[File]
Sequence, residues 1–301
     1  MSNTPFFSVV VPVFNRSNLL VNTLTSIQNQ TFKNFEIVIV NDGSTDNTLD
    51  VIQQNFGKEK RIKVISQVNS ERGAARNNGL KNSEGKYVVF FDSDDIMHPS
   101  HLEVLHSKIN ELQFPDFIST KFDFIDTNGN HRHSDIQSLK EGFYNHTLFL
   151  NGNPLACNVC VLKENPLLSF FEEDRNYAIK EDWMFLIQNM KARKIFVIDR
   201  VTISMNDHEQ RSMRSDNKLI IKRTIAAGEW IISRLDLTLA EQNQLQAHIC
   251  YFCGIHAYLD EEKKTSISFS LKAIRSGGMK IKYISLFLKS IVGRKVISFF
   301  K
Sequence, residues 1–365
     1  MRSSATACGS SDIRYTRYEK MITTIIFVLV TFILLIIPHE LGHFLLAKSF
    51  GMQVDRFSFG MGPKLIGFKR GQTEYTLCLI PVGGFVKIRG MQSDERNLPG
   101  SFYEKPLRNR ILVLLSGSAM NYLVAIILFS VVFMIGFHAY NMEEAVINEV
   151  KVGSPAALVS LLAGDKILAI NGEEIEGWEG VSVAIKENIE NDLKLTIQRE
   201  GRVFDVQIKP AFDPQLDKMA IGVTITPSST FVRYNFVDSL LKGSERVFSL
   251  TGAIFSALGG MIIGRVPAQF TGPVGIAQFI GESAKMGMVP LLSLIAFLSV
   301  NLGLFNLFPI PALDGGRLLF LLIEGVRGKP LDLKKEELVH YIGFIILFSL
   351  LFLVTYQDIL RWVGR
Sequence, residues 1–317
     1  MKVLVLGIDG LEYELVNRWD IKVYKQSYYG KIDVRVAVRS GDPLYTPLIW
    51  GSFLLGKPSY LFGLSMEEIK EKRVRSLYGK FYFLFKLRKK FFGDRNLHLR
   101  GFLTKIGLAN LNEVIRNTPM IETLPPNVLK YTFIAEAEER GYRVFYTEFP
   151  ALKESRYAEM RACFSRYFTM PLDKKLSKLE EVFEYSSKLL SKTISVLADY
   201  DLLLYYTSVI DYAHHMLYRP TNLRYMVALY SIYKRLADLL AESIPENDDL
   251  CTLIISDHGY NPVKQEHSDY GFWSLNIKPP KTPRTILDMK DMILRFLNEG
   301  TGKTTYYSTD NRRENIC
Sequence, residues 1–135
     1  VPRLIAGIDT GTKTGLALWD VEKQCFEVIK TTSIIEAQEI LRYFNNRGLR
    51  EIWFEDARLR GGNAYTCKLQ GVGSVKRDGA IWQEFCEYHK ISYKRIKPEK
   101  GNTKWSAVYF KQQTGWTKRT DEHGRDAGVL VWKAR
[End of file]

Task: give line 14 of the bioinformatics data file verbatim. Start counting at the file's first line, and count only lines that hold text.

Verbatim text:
   201  GRVFDVQIKP AFDPQLDKMA IGVTITPSST FVRYNFVDSL LKGSERVFSL